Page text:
Covered in smoke: Despite haze, slower day for wildfires Wednesday
BEMIDJI – A cover of smoke wafted across Minnesota’s northern tier Wednesday as firefighters again battled wildland fires throughout the region.
The stinky haze prompted dozens of phone calls to first responders in Bemidji and Beltrami County. By noon Wednesday, the Bemidji fire house had fielded about 35 calls about the smoke.
That resulted in several emails to media outlets in an effort to inform residents of the smoke’s origin.
“The smoke that is permeating the air in Beltrami County is coming from the wildfire that is raging across the north end of Beltrami County starting in the Fourtown area,” a statement from the Beltrami County Emergency Management Department stated Wednesday. It added that the fire started 100 miles northwest of Bemidji and is moving east/northeast.
The Beltrami County Nursing Service said residents encountering smoke or a visible haze should take precautions to reduce exposure.
“When smoke is present, individuals are encouraged to remain indoors and reduce activity levels,” the nursing service said, citing the Minnesota Pollution Control Agency. “Those with pre-existing cardiovascular or respiratory problems, such as asthma, are particularly susceptible to increases in air pollution as are the elderly and children.”
People with asthmatic conditions or require oxygen assistance were instructed to keep windows closed and make arrangements to have extra oxygen on hand.
“You might want to think about temporarily moving to another location while the smoke is in our area,” the nursing service said.
The information campaign came on the heels of a coordinated effort to douse a fire Tuesday afternoon at a farm near Lake Planteganet in Hubbard County, a blaze that prompted city, county and state crews to temporarily evacuate some homes.
Residents in the area of Union Road on the Hubbard and Beltrami county line will see fire crews from Minnesota Department of Natural Resources and Bemidji Fire Department in the area, a statement Wednesday said. It emphasized that the measures were precautionary.
“We’ve had a quite a few resources down there making sure that doesn’t have the potential to jump up on us,” said DNR area supervisor Greg Nelson.
Nelson said Wednesday afternoon that, thanks to lower winds and higher humidity, it had been a much slower day compared to Tuesday, when there were at least four wildfires reported in the Bemidji area. He hopes that trend continues with precipitation in the forecast.
The National Weather Service forecasted rain and snow Wednesday night and into Thursday, and issued a winter storm warning for the area.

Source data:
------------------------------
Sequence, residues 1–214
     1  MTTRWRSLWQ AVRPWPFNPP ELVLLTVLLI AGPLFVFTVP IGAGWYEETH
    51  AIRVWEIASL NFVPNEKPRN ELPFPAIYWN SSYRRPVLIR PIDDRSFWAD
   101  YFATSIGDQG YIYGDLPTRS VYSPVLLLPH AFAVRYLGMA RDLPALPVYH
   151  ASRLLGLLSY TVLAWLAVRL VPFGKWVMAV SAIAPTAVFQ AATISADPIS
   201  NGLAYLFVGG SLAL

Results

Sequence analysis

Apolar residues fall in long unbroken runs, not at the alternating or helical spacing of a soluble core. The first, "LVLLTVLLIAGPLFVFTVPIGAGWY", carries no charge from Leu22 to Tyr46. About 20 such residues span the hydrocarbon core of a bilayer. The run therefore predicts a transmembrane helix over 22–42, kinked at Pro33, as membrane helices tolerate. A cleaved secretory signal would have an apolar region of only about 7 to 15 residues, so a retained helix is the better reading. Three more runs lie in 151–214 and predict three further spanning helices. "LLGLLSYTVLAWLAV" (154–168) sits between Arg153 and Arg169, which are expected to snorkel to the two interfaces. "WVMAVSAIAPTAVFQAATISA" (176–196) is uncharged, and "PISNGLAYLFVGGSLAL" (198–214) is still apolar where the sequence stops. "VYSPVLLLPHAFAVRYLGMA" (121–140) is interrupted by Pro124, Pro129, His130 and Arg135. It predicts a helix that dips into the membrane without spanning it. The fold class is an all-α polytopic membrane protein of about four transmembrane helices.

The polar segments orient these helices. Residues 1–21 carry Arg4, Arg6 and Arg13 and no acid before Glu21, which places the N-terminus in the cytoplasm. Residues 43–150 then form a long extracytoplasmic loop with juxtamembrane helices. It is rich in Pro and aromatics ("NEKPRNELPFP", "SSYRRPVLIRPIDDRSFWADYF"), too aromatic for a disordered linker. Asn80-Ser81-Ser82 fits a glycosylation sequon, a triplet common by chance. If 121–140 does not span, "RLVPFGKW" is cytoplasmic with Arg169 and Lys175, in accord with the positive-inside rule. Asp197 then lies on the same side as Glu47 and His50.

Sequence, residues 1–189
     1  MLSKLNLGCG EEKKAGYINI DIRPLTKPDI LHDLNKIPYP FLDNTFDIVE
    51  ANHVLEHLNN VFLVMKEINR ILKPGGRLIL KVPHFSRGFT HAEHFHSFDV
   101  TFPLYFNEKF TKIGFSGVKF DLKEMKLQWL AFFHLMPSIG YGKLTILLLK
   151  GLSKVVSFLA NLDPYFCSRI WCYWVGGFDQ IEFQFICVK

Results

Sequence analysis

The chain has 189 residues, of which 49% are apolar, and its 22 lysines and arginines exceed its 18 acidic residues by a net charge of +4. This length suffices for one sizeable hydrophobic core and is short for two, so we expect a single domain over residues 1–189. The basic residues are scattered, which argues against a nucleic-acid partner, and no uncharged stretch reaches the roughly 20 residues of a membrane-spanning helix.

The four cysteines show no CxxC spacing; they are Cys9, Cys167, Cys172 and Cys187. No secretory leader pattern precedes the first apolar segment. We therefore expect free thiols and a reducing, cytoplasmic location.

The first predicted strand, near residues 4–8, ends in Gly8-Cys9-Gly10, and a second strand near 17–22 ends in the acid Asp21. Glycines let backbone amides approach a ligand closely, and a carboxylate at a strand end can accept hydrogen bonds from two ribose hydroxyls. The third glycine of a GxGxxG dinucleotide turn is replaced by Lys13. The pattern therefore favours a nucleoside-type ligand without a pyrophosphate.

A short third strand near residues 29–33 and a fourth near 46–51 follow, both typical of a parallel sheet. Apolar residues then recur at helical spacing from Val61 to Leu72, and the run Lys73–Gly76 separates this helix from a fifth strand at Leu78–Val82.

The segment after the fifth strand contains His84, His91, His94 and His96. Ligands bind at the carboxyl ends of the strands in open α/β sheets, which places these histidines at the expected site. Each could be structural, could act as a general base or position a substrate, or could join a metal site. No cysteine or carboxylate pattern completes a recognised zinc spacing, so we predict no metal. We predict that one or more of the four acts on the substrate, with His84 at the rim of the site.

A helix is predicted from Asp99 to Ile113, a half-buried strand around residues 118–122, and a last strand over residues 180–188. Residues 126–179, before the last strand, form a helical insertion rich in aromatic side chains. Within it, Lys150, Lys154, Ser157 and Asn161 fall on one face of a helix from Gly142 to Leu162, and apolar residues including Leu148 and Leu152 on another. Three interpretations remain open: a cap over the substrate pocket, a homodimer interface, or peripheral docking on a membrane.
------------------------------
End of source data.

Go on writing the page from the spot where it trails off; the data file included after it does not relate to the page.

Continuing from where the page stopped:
The forecast for Thursday called for highs in the upper 30s, with winds increasing to 24 to 29 mph in the afternoon. Snow is likely, with accumulation of 3 to 7 inches possible.
Nelson said the precipitation would be welcome before the weather warms up again next week. But, he said, it’s going to take a lot of rain to reverse the dry conditions because the soil tends to repel water once it becomes very dry.
“The nice thing about snow is that it holds that moisture there,” Nelson said. He hopes that the precipitation will allow fire crews to rest after a busy few days. The snow and rain could also knock down the smoke in the area.
“I don’t think Bemidji has had smoke like that in many years,” Nelson said, adding that poor visibility Wednesday made it difficult for their detection aircraft to spot potential fires. “It’s a little different experience for people, and it’s an unusual year, there’s no doubt about that.”
The DNR’s forestry division closed several roads late Tuesday for public safety reasons and to give firefighters unimpeded access in far northern Minnesota.
The North Minnie Fire near Fourtown, north of Lower Red Lake, grew at least four miles to the northeast with the strong winds and low humidity on Tuesday. According to news statements sent out Wednesday, the fire traveled about eight miles from its origin, prompting several forest road closures.
In addition, campers are being asked to leave the Faunce Campground and the Norris Campground as a precaution.
For more information about the closures, call the DNR’s forestry office in Baudette at (218) 634-2172.
The DNR issued a press release Wednesday afternoon asking residents to be careful when operating machinery outdoors and be mindful of burning restrictions.
Nelson said that a ban on debris burning remains in place.
“If you see someone illegally burning, don’t just ignore it,” Nelson said. “Call 911 and let’s get it stopped.”